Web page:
|Historical leaders||István Gorove,|
|Founded||1 March 1875|
|Dissolved||11 April 1906|
|Merger of||Deák Party |
|Succeeded by||National Party of Work (since 1910)|
|Headquarters||Budapest, Kingdom of Hungary|
|Ideology||Classical liberalism (Hungary)|
(in constitutional terms)
The party was established in February 1875 by a merger of the Deák Party and the Left Centre. It won a huge majority in the 1875 elections, with former Left Centre member Kálmán Tisza becoming Prime Minister. Kálmán Tisza remained Prime Minister until 1890, and using violence,. The Liberal Party was a main supporter of the Austro-Hungarian Compromise of 1867 and the partnership with Austria. However the Austro-Hungarian Compromise remained bitterly unpopular among the ethnic Hungarian voters, and the continuous successes of these pro-compromise Liberal Party in the Hungarian parliamentary elections caused long lasting frustration for Hungarians. The ethnic minorities had the key role in the political maintenance of the compromise in Hungary, because they were able to vote the pro-compromise Liberal Party into the position of the majority/ruling parties of the Hungarian parliament. The pro-compromise liberal parties were the most popular among ethnic minority voters, however i.e. the Slovak, Serb and Romanian minority parties remained unpopular among their own ethnic minority voters. The Liberal Party was often called as the "Imperialist Party", in Hungary it meant to being supporter of the Austro-Hungarian Compromise, and had a negative connotation as a supporter of the political and economic interests of Austrian Empire, and the Habsburg Emperor, hence the ethnic Hungarian voters mocked the party as "the Imperialists". In the 1905 elections, the coalitions of Hungarian nationalist parties like the Independence and '48 Party won the most seats. The nationalist coalition was supported by the overwhelming majority of ethnic Hungarian voters. In 1906 King Franz Joseph announced a new election, which was won by the nationalist coalition again. In 1910, the Liberal Party has disbanded itself, and it was reorganized under a new name: National Party of Work.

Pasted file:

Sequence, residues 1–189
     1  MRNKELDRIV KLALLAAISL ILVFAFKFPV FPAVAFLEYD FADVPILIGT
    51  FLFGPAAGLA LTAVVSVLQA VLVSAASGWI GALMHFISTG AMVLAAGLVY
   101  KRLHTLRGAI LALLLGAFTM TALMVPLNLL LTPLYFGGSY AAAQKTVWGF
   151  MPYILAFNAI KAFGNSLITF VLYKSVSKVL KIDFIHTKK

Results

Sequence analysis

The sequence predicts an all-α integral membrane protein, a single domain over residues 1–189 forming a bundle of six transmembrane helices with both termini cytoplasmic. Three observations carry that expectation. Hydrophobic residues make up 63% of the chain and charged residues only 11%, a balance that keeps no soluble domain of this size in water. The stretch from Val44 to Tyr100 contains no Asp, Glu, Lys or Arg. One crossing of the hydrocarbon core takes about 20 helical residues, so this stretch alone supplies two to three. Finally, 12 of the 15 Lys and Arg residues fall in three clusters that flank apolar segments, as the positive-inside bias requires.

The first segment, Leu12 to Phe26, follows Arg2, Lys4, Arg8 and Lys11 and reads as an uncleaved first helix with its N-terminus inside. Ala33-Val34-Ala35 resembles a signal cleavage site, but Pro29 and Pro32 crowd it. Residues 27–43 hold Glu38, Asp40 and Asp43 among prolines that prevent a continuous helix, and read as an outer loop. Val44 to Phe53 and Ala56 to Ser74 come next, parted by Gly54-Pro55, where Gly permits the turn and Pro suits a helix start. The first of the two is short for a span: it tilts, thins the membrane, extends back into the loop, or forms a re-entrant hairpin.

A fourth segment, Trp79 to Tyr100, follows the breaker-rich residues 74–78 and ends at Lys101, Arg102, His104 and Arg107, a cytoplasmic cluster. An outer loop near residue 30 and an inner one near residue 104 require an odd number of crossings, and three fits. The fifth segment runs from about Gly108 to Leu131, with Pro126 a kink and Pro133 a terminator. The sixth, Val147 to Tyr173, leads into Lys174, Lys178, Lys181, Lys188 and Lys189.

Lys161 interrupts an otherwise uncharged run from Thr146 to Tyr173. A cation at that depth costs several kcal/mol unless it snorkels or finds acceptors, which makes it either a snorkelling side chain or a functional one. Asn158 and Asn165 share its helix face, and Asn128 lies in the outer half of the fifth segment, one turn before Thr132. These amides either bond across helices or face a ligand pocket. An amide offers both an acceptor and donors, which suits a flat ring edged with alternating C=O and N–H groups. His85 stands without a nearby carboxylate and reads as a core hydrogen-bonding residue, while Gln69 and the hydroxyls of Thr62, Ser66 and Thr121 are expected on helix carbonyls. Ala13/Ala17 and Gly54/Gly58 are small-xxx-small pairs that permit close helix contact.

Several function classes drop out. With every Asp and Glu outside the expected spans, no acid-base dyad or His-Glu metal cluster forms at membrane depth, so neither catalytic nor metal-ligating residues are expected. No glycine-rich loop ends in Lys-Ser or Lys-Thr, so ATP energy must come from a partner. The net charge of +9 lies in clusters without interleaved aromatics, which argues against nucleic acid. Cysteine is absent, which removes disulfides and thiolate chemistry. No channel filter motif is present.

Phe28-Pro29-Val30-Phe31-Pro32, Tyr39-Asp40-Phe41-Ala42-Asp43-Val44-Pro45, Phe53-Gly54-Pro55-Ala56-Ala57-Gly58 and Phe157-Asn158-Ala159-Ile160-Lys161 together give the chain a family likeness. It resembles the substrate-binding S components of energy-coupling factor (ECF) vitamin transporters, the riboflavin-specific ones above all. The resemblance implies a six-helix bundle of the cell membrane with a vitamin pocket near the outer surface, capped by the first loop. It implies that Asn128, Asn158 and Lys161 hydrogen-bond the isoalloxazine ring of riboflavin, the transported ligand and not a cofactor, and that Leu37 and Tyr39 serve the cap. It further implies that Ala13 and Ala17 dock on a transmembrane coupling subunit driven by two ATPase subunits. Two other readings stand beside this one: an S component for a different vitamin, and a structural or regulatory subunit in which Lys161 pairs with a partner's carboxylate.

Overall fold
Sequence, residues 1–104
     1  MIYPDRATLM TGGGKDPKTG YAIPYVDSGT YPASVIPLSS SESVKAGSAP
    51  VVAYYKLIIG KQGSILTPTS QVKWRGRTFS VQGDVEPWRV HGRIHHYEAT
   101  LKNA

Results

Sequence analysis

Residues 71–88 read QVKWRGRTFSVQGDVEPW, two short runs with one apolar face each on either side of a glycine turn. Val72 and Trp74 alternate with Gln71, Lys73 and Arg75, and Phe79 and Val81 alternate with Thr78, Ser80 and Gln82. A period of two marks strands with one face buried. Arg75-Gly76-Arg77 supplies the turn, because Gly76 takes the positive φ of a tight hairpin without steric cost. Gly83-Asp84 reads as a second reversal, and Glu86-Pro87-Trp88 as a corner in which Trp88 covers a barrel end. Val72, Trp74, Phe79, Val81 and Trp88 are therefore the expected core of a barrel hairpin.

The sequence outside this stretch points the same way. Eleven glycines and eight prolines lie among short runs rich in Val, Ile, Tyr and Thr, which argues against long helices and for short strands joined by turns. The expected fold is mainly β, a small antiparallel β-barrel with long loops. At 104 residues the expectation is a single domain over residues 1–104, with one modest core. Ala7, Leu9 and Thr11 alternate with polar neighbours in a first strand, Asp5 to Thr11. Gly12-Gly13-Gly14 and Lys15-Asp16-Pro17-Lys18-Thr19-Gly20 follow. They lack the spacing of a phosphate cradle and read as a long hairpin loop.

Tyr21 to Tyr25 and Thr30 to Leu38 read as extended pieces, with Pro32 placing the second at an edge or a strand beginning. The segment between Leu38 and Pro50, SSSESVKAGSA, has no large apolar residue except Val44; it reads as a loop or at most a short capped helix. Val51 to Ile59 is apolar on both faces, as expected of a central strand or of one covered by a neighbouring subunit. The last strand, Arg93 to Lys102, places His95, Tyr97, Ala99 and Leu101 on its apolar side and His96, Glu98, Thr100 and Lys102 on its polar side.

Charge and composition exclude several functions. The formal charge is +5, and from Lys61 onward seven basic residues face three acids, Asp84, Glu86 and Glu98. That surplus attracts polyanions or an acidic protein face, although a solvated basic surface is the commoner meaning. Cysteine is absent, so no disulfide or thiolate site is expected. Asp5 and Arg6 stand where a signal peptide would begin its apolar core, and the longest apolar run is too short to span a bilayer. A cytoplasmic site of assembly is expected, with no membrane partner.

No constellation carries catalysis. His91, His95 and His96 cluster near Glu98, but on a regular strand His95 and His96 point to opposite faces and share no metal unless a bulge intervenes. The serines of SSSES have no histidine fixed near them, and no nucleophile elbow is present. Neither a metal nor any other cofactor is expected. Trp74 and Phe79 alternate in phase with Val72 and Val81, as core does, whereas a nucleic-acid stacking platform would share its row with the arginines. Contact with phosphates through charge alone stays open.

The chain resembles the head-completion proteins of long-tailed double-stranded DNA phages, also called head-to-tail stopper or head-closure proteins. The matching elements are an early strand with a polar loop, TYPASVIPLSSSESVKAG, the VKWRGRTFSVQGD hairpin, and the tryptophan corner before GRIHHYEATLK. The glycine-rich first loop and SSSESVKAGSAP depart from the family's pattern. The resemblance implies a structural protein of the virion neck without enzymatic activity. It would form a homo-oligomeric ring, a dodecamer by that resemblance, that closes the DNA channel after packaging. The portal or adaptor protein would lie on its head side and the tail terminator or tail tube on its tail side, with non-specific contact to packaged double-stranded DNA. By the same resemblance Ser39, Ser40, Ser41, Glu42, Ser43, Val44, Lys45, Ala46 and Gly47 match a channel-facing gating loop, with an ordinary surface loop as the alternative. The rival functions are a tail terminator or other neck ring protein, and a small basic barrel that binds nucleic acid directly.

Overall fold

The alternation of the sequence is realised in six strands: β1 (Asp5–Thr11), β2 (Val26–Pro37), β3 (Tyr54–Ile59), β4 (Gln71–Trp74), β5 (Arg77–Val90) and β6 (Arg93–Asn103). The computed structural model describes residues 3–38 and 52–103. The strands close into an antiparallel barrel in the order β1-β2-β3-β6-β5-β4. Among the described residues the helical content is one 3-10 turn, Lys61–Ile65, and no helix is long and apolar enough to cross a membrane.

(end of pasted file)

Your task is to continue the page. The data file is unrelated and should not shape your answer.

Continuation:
The party passed legislation for Jewish emancipation and appointed Jews to parliament (both the upper and lower houses) in 1867. In return, many Jews supported the party. Many districts of Budapest, where Jews made up half of the voters, reliably voted for the Liberal candidate.
- Vincent E McHale (1983) Political parties of Europe, Greenwood Press, p505 ISBN 0-313-23804-9
- Cieger András. Kormány a mérlegen – a múlt században (in Hungarian)
- András Gerő (2014) Nationalities and the Hungarian Parliament (1867-1918) .
- Lorman, Thomas (2019). The Making of the Slovak People’s Party: Religion, Nationalism and the Culture War in Early 20th-Century Europe. London: Bloomsbury Publishing. p. 48. ISBN 978-1-350-10938-4.